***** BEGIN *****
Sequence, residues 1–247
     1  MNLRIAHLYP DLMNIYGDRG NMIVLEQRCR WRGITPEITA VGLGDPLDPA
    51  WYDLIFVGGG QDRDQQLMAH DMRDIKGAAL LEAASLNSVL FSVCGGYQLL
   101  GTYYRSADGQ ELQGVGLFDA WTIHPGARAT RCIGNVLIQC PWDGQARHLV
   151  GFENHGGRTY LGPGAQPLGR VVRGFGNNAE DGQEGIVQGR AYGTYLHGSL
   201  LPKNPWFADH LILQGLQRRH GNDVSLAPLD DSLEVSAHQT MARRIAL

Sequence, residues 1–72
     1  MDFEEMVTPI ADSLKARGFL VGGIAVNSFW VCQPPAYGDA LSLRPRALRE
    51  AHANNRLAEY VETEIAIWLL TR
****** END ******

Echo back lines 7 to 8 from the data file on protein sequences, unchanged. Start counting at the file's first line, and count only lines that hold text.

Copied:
Sequence, residues 1–72
     1  MDFEEMVTPI ADSLKARGFL VGGIAVNSFW VCQPPAYGDA LSLRPRALRE